Just as Dickens’ Christmas tale gets retold each year, New York has its own recurring Christmas characters: Salvation Army bell ringers, sidewalk tree sellers and Lou Nasti, who pioneered window displays of animated toy soldiers and elves 40 years ago.
Nasti still tinkers away in his Brooklyn workshop building such elaborate displays as the 75 dancing teddy bears and penguins at Park Avenue Plaza. “I’m not a doctor. I can’t cure you, but I can make you smile,” he said. “My name is Nasti. Go figure. The best thing is I look like Geppetto,” the toy maker from Pinocchio.
This year there’s less demand for his skills. “Buildings that used to do a lobby for $30,000 to $40,000 are now putting up a tree and wreath for $1,500,” he said.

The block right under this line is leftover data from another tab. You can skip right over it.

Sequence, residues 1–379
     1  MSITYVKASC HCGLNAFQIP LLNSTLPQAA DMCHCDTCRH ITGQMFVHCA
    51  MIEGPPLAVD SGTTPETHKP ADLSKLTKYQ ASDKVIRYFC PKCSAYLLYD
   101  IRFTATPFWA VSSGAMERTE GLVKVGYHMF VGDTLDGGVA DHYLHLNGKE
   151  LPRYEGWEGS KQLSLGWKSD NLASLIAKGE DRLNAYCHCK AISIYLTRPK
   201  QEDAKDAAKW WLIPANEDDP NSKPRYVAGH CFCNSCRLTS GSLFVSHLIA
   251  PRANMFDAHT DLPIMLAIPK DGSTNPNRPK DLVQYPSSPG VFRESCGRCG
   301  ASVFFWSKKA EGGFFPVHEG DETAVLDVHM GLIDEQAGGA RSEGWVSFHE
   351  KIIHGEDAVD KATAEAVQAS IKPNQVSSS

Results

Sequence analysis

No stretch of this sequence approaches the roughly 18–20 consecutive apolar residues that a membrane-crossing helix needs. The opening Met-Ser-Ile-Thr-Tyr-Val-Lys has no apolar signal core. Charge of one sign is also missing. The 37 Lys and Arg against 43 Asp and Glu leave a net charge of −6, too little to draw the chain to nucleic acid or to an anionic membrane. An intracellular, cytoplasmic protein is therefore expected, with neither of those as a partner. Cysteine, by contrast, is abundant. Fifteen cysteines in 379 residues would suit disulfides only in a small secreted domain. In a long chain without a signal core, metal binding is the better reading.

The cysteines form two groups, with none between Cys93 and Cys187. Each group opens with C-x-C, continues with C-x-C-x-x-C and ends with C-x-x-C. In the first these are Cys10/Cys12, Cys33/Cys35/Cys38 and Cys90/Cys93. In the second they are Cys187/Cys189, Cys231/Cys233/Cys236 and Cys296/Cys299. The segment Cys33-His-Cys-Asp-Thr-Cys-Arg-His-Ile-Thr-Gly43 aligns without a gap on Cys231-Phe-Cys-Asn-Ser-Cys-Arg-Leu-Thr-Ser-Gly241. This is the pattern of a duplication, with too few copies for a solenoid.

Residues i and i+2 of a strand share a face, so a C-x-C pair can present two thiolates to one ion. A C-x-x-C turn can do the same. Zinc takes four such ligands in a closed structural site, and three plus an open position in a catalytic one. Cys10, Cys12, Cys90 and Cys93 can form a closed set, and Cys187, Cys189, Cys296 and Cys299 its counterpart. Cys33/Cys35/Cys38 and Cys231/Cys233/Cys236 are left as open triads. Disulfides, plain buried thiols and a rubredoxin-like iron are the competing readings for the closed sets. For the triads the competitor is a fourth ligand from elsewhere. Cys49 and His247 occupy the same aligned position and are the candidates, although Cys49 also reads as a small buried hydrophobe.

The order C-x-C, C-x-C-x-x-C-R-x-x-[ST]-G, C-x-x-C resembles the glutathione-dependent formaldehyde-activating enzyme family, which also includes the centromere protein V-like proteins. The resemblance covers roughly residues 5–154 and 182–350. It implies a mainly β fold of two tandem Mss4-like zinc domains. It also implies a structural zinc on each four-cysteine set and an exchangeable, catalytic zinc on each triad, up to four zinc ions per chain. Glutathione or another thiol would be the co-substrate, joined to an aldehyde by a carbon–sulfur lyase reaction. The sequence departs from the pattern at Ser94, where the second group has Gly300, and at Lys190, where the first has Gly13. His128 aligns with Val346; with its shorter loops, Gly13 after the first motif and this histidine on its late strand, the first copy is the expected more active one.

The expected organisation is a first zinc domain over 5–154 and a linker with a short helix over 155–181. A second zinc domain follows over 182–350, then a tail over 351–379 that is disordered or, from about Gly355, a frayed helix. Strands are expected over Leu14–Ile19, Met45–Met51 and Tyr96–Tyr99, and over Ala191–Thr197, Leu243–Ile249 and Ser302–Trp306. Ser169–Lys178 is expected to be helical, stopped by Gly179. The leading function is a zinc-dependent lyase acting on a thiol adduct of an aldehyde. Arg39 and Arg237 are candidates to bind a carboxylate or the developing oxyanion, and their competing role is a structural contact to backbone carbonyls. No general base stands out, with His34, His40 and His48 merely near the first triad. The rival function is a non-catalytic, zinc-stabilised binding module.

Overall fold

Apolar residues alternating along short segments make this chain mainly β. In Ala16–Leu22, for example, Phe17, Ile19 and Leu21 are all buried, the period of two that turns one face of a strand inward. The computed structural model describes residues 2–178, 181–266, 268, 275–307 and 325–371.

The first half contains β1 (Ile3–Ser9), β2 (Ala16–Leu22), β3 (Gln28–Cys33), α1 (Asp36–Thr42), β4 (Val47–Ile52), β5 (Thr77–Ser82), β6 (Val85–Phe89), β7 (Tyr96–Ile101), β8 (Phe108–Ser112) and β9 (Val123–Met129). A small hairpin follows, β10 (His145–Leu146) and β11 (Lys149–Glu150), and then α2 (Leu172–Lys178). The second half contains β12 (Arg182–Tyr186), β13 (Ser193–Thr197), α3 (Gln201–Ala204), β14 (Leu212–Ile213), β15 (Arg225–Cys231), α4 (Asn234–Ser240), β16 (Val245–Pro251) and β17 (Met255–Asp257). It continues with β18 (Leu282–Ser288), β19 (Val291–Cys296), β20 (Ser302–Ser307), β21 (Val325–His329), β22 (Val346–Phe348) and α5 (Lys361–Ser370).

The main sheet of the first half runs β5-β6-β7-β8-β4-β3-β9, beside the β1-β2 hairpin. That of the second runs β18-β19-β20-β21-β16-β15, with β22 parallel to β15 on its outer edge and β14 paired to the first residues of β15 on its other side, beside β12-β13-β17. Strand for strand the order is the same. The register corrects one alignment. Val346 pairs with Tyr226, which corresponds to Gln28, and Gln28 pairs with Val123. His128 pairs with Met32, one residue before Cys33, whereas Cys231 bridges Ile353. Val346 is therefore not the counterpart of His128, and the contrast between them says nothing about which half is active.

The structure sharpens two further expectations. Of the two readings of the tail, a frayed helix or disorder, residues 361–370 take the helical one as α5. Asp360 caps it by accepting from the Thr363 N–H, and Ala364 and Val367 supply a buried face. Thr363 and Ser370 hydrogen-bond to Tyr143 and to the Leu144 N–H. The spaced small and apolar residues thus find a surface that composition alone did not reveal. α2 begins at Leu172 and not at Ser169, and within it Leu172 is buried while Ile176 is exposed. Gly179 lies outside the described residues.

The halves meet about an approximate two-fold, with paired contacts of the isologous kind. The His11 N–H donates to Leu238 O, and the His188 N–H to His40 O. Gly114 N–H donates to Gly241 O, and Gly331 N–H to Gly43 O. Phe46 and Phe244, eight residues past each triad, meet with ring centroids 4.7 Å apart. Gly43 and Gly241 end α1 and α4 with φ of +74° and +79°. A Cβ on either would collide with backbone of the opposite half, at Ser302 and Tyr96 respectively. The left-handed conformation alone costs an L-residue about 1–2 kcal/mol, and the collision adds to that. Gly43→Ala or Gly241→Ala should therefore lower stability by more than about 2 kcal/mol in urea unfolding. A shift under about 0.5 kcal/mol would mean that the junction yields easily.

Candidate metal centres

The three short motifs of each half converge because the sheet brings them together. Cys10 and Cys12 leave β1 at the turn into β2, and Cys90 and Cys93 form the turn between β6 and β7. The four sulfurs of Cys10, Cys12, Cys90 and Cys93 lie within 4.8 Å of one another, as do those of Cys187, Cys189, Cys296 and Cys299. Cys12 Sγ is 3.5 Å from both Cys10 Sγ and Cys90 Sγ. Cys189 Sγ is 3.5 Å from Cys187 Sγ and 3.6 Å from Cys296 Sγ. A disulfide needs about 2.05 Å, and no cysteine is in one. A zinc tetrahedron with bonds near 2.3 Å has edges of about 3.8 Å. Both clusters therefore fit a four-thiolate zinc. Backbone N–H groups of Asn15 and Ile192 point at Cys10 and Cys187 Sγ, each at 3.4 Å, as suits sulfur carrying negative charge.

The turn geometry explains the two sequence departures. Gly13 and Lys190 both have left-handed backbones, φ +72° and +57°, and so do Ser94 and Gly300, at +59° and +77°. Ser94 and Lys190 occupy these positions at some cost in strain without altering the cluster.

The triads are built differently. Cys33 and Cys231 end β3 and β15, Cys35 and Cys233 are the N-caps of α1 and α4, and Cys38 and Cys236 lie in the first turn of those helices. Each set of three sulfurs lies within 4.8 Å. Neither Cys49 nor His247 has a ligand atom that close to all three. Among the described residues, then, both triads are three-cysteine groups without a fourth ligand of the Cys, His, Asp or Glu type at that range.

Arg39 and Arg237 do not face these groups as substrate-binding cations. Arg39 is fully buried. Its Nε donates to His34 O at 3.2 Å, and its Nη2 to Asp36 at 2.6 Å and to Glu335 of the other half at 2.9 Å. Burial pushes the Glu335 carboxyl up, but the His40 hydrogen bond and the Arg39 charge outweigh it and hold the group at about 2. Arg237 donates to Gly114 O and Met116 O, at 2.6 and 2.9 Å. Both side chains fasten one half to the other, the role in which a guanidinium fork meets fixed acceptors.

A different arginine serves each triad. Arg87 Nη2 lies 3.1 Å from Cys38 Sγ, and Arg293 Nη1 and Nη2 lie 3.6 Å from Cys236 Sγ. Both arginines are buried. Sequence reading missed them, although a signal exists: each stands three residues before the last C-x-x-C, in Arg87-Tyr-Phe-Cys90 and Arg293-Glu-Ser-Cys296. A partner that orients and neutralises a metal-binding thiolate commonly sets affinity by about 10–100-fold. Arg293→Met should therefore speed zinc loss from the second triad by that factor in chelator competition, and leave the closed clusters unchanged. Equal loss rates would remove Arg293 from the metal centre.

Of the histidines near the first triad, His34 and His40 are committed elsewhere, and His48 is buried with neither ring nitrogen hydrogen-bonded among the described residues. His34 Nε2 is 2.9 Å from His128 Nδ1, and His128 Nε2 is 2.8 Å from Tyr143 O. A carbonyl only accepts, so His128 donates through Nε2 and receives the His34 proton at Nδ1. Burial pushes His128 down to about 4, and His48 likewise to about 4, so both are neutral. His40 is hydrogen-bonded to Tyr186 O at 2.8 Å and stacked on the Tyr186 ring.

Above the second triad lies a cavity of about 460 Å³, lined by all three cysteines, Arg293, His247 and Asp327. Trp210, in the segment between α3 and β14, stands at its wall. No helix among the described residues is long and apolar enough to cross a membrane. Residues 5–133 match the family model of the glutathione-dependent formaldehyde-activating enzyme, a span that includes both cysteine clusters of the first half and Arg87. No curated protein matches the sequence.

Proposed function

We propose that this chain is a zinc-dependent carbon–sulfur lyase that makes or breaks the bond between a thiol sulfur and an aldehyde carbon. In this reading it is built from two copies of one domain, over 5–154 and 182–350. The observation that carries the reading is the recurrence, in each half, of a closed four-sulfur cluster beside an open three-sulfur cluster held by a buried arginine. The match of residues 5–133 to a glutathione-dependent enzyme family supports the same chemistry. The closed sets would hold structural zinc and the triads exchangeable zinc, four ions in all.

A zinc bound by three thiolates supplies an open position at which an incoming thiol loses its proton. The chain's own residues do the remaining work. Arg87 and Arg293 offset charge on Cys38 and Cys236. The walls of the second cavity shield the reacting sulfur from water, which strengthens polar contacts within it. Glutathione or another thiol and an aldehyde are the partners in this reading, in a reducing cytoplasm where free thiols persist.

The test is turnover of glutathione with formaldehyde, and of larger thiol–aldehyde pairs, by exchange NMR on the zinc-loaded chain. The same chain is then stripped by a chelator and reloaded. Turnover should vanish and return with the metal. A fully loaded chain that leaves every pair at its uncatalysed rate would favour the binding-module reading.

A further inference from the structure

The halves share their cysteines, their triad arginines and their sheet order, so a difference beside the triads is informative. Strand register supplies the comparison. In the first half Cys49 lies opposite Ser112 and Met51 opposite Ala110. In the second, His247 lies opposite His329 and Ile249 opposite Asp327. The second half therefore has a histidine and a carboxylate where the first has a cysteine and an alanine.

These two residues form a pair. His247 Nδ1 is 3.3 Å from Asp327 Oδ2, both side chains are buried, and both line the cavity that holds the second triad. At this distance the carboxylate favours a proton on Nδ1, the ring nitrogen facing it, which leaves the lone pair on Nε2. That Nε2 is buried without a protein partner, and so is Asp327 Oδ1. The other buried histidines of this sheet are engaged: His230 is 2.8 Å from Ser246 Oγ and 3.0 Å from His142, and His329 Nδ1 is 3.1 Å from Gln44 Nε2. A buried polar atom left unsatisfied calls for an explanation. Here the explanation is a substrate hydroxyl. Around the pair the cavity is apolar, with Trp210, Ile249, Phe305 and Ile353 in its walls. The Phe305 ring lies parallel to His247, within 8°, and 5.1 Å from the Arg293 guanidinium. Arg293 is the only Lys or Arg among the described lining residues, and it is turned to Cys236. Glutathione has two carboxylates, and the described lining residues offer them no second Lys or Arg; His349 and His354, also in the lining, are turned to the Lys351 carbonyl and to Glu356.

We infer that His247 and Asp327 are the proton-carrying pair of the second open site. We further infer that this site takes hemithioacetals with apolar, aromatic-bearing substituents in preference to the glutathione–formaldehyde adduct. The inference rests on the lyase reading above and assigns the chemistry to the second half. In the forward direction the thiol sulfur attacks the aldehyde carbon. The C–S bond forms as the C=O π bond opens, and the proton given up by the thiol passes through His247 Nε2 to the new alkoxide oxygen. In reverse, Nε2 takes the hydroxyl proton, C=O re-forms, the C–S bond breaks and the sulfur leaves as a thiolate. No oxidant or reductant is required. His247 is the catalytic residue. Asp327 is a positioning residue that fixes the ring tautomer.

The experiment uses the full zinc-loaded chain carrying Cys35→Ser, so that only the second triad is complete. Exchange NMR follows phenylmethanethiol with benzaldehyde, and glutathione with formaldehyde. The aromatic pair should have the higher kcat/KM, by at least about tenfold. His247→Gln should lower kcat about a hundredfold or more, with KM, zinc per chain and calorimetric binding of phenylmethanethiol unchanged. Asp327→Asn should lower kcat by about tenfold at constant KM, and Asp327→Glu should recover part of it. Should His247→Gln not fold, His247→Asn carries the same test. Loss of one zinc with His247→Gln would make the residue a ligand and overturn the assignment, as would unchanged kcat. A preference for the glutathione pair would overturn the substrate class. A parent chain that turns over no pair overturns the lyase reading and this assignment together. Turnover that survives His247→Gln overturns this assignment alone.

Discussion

New Yorkers are also buying smaller Christmas trees, said Jacob Podkaminer, 24, whose father has been selling his upstate New York Trumansburg Trees at the Union Square Market for 30 years. “People usually looking for an 8-foot are buying a 7-foot,” Podkaminer said.
Luz Ciriaco, a cadet with the Salvation Army, said donations are up. She noticed a disparity though: on Wall Street, she sees up to $200 a day; at Rockefeller Center it’s $1,000.